PDA

View Full Version : Lead Alice Experiment



Copernicus
2015-Dec-05, 05:04 PM
There is an image in the upper right hand corner, in the following link, that is a scattering of particles from two lead ions colliding. Is this, in any way, the expectation, of what the big bang may look like over billions of years.

http://arstechnica.com/science/2015/11/cern-starts-first-lead-collisions-in-upgraded-large-hadron-collider/

The reason I am asking this is that I do believe that physicists do see space farther than 13.8 blllion light years, but I can't help but think that the light could be curving just like we see the particles in this atlas experiment. Is this still possible, according to what physicists currently know?

antoniseb
2015-Dec-05, 05:28 PM
... Is this, in any way, the expectation, of what the big bang may look like over billions of years. ...
Why would it be? The only thing that makes this similar to the Big Bang is that at one point during the early moments of the universe the temperature had cooled to about the same as as what is seen in the heavy ion collision in this experiment. There is no inflation here, there is lots of empty space around the collision here. It is not like the Big Bang. Don't look for this to be a model of the Big Bang that you can extrapolate from.

Copernicus
2015-Dec-05, 06:06 PM
I was extrapolising. Just wondering if gravity could be drawing light back over billions of light years, the way charge is drawing those particles back. At least I think it is charge, don't really know for sure.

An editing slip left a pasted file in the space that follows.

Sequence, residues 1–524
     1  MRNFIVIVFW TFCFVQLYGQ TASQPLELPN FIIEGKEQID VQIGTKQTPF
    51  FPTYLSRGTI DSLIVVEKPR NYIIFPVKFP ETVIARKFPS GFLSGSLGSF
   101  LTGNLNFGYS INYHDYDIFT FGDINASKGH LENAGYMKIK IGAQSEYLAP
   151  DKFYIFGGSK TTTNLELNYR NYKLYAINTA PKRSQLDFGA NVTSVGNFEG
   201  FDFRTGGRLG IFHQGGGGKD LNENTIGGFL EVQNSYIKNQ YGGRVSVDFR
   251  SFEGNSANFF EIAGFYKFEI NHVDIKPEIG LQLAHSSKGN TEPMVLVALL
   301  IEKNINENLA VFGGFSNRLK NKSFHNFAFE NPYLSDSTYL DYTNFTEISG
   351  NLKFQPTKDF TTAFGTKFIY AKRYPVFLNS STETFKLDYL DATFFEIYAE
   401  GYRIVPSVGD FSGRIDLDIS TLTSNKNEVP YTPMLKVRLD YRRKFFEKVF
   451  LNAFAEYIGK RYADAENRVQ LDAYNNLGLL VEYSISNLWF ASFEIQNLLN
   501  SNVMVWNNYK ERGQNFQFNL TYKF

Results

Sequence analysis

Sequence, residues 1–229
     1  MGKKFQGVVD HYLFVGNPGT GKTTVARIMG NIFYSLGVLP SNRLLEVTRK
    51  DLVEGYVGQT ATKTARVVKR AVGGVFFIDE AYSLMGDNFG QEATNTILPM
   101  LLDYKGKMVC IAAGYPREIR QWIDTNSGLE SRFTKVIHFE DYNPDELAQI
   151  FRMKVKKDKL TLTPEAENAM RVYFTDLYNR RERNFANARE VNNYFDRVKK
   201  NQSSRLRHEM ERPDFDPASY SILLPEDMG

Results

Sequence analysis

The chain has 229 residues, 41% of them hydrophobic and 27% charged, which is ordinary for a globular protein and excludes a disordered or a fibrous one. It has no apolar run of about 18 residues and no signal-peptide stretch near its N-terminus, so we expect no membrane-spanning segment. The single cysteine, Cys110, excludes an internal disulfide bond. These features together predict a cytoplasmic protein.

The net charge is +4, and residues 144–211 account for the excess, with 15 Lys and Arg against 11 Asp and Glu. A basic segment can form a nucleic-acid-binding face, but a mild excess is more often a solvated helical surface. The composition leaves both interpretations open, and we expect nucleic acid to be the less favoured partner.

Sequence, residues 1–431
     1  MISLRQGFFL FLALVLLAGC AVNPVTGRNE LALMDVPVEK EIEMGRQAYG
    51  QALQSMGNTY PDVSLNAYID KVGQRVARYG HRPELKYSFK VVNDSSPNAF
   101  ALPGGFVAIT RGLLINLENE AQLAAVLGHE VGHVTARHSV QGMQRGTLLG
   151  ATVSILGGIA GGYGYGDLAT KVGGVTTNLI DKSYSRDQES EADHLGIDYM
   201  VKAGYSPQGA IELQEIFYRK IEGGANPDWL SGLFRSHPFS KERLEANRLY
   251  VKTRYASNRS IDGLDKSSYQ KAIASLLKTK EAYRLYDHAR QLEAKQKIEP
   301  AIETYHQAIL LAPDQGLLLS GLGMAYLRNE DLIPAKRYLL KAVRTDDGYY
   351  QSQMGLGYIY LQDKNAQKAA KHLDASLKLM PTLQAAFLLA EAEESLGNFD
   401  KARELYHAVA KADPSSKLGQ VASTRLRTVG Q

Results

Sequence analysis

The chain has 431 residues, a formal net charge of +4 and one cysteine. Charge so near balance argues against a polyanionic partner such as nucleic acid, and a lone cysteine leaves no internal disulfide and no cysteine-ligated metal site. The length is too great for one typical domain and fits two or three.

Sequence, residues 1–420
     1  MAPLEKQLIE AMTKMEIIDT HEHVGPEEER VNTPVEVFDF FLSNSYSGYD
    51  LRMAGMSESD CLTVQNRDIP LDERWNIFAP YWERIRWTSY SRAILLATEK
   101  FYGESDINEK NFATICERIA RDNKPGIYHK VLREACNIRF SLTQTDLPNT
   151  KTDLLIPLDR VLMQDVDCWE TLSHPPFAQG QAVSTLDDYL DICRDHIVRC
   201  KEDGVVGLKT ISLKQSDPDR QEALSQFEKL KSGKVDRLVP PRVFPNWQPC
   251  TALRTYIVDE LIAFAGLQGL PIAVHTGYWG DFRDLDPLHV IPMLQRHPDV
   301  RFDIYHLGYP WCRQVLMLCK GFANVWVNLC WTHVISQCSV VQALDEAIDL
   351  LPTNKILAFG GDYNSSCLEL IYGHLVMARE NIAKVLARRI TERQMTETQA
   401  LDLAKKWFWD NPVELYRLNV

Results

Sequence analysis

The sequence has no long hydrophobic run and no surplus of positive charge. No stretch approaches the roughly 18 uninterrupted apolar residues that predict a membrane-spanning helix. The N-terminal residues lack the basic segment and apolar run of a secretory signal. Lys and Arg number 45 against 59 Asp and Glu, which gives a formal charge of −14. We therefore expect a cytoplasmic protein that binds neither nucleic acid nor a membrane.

cjameshuff
2015-Dec-05, 06:39 PM
I was extrapolising. Just wondering if gravity could be drawing light back over billions of light years, the way charge is drawing those particles back. At least I think it is charge, don't really know for sure.

Those are charged particles in an extremely strong magnetic field responding to Lorentz forces that cause them to move in spirals. They are not being drawn back toward anything. And if they were, that would be a way the event differs from the Big Bang, which was not an explosion in existing space and had no origin for things to be drawn back toward.

Copernicus
2015-Dec-05, 10:42 PM
Those are charged particles in an extremely strong magnetic field responding to Lorentz forces that cause them to move in spirals. They are not being drawn back toward anything. And if they were, that would be a way the event differs from the Big Bang, which was not an explosion in existing space and had no origin for things to be drawn back toward.

Does the magnetic field, from the collider, have more than neglible affect after the collision?

cjameshuff
2015-Dec-06, 12:14 AM
Does the magnetic field, from the collider, have more than neglible affect after the collision?

Would you say those lines are more than negligibly curved?

Copernicus
2015-Dec-06, 02:59 AM
Would you say those lines are more than negligibly curved?

They are very curved, I just thought perhaps it was a central electromagnetic force, but I guess I was wrong.